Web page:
As the U.S. economy’s position within the business cycle remains uncertain, investors are being encouraged to focus on late-cycle stock sectors. The recommendation comes from Mike Wilson, Morgan Stanley’s chief U.S. equity strategist, who advised maintaining a barbell portfolio until more definitive data emerges.
Wilson’s proposed barbell portfolio would balance defensive growth sectors like healthcare and consumer staples with late-cycle cyclicals such as industrials and energy. Despite underperformance this year, Wilson emphasized that it is premature to shift investments towards small to mid caps, citing the RUT’s mere 4% increase in 2023.
The energy sector has been attracting investor attention due to rising crude prices, recently nearing $92 per barrel. Wilson views this sector as a typical late-cycle outperformer, often buoyed by commodity strength. He pointed to strong oil demand, significant production cuts, and stable crude prices as factors supporting the sector’s performance.
The energy sector’s appeal is further boosted by its recovery from an underperformance period that spanned from November last year until July this year. Currently, the sector presents attractive valuations and accelerated earnings revisions, while generating substantial free cash flow and having the ability to pay off debt if needed. This recovery occurs as hedge fund exposure to the energy sector remains historically low.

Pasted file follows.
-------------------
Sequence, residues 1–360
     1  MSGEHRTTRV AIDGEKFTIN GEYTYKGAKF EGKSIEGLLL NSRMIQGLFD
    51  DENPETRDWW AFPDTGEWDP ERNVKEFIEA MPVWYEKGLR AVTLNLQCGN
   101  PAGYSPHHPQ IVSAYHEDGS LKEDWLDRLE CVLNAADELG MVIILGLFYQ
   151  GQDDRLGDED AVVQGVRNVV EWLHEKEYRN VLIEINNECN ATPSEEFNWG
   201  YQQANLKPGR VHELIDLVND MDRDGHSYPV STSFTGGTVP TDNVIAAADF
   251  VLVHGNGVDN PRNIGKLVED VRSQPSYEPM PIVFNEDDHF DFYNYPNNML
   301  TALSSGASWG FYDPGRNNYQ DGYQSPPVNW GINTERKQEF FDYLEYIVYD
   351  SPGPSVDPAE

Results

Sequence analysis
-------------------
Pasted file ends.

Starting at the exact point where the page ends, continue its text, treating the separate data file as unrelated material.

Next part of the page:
Wilson also spotlighted a range of defensive growth stocks that have outperformed both yearly and more recently. These stocks, all rated overweight by Morgan Stanley, include Accenture (NYSE:) ACN, Apple (NASDAQ:), AutoZone (NYSE:) AZO, Biomarin Pharmaceutical BMRN, and Boston Scientific (NYSE:) BSX.
Most U.S. investors expect that large-cap winners will continue to lead during the fourth quarter if the broader market remains stable. Wilson observed similar concerns among European and U.S. clients regarding the current economic cycle stage and performance disparities.
Investors are pondering whether the rest of the year will see continued dominance by mega cap growth or a shift towards underperforming areas such as value and small/mid cap stocks. However, Wilson maintains that it may still be too early for such a transition.
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